Transposing the tradition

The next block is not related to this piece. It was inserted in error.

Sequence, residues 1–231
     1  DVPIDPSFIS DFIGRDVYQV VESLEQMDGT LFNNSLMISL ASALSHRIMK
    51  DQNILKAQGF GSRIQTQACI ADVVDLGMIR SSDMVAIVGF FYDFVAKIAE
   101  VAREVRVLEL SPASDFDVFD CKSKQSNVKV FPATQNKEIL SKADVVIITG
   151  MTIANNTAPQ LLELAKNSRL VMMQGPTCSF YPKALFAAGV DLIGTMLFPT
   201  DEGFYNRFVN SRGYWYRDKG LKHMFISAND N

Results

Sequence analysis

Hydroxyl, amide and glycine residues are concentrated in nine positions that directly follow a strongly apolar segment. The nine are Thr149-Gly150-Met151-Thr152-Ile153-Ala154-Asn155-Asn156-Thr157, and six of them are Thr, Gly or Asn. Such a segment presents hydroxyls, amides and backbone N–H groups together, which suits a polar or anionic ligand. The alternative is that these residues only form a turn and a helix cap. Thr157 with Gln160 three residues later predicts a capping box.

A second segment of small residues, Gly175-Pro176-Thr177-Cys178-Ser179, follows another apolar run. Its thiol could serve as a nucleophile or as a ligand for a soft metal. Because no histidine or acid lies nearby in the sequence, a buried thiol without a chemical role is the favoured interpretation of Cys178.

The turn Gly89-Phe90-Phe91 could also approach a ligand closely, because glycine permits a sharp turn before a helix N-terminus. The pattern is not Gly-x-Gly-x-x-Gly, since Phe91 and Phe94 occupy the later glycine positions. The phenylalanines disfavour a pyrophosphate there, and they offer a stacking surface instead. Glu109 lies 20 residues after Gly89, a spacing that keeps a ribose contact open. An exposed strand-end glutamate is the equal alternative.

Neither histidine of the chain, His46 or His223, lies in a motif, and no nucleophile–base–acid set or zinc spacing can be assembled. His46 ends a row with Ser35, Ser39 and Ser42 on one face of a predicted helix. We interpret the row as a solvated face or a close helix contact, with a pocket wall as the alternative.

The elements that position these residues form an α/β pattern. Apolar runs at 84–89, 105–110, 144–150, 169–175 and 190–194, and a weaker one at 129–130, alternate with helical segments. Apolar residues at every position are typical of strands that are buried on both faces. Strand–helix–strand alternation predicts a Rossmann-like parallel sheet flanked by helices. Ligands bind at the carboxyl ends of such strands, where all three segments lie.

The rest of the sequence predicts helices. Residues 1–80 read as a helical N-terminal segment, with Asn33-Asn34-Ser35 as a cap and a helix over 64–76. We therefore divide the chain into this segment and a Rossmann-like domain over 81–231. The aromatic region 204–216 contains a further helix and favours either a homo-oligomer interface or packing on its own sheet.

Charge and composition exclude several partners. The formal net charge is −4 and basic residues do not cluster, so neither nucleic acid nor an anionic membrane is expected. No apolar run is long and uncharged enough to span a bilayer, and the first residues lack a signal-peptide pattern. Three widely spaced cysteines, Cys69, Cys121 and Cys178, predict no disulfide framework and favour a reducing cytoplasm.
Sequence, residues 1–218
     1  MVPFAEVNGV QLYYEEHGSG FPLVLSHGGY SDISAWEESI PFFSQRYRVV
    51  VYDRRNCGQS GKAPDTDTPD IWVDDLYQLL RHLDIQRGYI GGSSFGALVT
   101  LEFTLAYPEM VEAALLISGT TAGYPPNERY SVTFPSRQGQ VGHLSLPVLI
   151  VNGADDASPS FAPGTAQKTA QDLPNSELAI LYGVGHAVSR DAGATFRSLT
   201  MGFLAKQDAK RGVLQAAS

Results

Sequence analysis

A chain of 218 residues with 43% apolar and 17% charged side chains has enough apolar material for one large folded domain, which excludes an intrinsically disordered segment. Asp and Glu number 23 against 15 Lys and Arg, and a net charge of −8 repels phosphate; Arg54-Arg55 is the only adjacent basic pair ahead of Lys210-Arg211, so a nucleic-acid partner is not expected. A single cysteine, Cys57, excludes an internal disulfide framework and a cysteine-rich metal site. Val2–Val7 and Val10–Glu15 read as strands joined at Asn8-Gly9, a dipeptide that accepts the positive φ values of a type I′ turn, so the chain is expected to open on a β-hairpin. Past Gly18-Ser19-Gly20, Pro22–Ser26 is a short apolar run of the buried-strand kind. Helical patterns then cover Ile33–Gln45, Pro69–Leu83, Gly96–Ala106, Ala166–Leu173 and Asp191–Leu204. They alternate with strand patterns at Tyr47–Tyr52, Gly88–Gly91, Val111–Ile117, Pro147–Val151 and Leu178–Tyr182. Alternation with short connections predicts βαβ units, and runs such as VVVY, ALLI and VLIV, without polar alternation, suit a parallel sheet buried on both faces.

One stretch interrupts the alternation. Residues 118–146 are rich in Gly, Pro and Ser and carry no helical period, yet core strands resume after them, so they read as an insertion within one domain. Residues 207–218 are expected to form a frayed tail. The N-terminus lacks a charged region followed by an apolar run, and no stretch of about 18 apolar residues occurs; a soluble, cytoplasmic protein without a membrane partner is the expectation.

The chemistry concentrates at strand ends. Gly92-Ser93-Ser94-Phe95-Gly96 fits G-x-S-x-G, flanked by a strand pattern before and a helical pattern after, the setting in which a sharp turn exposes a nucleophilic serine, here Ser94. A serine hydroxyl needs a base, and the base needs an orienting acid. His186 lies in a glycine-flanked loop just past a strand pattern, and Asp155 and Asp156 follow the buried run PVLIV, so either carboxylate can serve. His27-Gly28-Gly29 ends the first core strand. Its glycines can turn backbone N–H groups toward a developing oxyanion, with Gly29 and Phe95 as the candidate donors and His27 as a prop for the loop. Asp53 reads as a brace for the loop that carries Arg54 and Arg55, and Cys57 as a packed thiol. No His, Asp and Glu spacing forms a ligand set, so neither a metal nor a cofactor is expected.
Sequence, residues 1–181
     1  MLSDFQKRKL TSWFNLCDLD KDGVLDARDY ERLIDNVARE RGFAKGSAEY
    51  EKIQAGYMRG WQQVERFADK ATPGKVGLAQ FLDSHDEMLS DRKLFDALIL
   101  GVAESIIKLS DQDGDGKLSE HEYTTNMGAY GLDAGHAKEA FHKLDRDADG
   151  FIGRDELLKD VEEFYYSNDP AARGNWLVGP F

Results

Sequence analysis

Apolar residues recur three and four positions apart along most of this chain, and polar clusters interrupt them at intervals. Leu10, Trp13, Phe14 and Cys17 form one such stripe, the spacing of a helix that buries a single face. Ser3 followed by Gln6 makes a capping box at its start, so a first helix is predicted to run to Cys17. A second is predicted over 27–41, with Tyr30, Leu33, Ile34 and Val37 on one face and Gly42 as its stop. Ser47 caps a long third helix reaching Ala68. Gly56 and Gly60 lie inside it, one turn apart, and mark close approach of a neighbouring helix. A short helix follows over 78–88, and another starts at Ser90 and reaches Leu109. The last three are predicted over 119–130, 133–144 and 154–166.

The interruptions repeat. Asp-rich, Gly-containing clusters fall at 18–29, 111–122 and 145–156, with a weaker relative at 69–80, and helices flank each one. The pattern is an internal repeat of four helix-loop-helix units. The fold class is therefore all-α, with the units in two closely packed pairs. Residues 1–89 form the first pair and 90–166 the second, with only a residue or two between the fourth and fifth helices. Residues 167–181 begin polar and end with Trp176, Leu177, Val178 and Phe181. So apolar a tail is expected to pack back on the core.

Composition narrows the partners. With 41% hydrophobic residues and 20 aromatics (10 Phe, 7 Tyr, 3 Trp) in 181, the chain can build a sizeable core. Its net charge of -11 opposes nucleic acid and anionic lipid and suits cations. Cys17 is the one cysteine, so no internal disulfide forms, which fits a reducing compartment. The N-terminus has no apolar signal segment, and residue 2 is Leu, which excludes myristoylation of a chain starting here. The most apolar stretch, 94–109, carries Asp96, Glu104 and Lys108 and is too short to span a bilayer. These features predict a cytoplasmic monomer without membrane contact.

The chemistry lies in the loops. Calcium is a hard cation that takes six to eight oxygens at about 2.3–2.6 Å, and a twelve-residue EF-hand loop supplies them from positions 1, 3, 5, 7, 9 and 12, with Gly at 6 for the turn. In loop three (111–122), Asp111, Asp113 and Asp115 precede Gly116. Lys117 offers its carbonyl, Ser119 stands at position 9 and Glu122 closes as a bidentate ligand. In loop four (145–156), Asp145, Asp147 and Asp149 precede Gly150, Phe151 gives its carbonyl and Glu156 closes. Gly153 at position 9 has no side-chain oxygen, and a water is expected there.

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Brackish is a collection of poems preceded by the critical introduction, “Transposing the Tradition: Jazz, Lyric Poetry, and the Individual Talent.” Brackish explores the writer’s experiences coming of age on the coast of Northwest Florida, using brackish water as its central metaphor. Neither fresh nor salty, brackish water is a mixture of both. It retains elements of salt water and fresh water and finds identity in the fact that it is neither. The lyric voice in Brackish moves in this way: it is neither a child’s voice nor an adult’s voice, but a voice that stands between those two poles, retaining a child’s sense of discovery and mystery and an adult’s awareness of the larger world. In this way, the poems explore the tenuous gap between innocence and experience. “Transposing the Tradition: Jazz, Lyric Poetry, and the Individual Talent” develops the theory of lyric transposition, a way of understanding jazz-influenced poetry. Like jazz standards, poems often cover familiar territory; and like a jazz musician, a poet develops an individual voice in the context of familiar material. What separates a poem from others on similar subjects or themes is the poet’s voice. Lyric transposition describes the movement from subject matter to the poet’s register, the way that musical transposition describes the movement from a song’s original key to another key, more appropriate for a particular musician. This theoretical perspective frames a discussion and reading of three jazz-influenced works of poetry: Michael S. Harper’s Dear John, Dear Coltrane, Tyehimba Jess’s Leadbelly, and T.R. Hummer’s The Infinity Sessions.